Losing my handphone is extremely stressful because I have 200+ contacts, I store all my future appointments/reminders in the electronic calender..... losing a handphone disrupts my life and lowers my productivity. The first thing you do when you lose it is to call up your service provider to cancel all premium services to prevent the person who finds the phone from using MMS, IDD and making 1900 calls. After that, you try to contact the person, first by SMSsing, then calling. If the person intends to steal your phone, he will turn it off after a few rings and you will never see it again. I guess the next thing that happens is the person will remove the SIM card and try to sell it off..... most probably to a 2nd hand dealer. I did a quick informal survey once among friends who have lost their handphones ......return rate is about 20%. 80% of the people who find handphones will steal it.
After I lost my handphone for the 3rd time, I decided I had to do something about it. I gave it alot of thought and realised that I was at the mercy of the honesty of the person who found the phone. How to make that dishonest person honest?.....
I found out that my Nokia phone is worth about $60 at the 2nd phone dealer so I stuck the above message onto the battery so that it would be seen if the person decided to remove the SIM card. It worked like a charm the next 2 times my phone was lost! The last time I lost my phone, I tried "acting blur" and "forgetting" the $80 by just thanking the person after he returned it, ...he asked point blank "Where is the $80 reward...?".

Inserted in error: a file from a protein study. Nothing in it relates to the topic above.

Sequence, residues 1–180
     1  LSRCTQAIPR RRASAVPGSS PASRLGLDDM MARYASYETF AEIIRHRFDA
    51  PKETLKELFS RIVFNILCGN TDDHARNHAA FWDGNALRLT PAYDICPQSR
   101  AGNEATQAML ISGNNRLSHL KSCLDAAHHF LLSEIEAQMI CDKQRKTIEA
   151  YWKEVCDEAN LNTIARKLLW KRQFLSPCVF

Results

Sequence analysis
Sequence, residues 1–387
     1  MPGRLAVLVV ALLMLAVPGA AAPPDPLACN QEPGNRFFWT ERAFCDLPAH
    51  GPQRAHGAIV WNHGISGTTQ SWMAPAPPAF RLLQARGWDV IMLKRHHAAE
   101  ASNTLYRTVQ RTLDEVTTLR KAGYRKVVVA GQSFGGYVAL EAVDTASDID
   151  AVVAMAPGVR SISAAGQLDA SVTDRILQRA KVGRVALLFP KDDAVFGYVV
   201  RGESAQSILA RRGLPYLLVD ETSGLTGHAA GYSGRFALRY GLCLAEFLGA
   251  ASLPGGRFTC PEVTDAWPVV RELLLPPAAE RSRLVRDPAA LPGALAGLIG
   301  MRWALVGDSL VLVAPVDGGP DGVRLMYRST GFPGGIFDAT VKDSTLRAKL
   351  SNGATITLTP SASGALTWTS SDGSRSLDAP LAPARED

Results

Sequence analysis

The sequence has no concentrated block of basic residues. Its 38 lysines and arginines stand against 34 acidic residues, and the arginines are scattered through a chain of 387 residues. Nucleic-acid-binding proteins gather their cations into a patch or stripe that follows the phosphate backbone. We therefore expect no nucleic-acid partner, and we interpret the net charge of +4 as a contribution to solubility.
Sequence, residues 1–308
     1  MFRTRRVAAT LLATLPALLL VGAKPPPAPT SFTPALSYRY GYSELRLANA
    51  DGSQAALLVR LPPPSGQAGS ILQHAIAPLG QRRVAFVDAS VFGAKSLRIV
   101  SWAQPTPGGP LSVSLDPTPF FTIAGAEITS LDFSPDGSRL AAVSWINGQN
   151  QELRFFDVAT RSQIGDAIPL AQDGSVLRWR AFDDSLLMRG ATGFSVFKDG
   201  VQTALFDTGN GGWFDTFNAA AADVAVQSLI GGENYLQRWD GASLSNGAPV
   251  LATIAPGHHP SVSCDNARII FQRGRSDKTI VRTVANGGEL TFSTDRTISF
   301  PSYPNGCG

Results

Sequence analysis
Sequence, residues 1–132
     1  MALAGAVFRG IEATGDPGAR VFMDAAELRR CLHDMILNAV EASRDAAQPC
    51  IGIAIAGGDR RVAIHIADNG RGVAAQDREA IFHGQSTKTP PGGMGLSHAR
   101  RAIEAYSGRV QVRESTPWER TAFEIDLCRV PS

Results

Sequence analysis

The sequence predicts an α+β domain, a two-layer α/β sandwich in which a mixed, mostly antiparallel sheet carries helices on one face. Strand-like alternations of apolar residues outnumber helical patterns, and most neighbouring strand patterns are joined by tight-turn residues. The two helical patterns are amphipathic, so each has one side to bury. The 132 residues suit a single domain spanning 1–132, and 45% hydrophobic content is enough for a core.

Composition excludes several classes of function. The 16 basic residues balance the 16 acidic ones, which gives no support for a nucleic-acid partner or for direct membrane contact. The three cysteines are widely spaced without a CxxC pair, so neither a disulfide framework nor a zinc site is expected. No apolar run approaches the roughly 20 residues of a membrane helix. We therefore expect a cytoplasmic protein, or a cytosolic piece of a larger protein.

Every handphone has a unique number known as the Imei. This number is hardwired to the phone and remains even when the SIM card is replaced. There is a suggestion by a Mr. Peter Humphreys (see below) to disable the stolen phones based on the Imei. The idea is to make stolen phones worthless and 2nd handphone dealers more vigilant. It would remove the incentive for being dishonest. If they do that, I can reduce my reward to $20 ($10 for transport and $10 for being honest).
Integrity can be bought. By giving people incentive to be honest, they will be motivated behave honestly. The price of integrity falls if the system has various checks in place to reduce the gains from dishonety. How much you need to pay for integrity reflects the quality of the system and safeguards in place to prevent abuse. However, I'm not hopeful that our telcos will implement this because they have nothing to gain from it and they will incur some (very small?) cost to monitor blacklisted Imei.
Straits Times Forum 2 July 2007.
Telcos should disable stolen phones via Imei
MY FAMILY has just had its third mobile phone stolen in Singapore over the past three years. We know it was stolen rather than 'lost' as it was fully charged and on, yet when we called to see if someone had found it, it diverted to voice mail suggesting someone had removed the SIM card.
We then called our operator to stop the thief making calls, but this does not stop the thief inserting his own SIM card. The operator can disable the phone itself by stopping any calls based on the unique Imei number (which I record and can provide to the operator). So why don't operators stop phone theft by using this feature?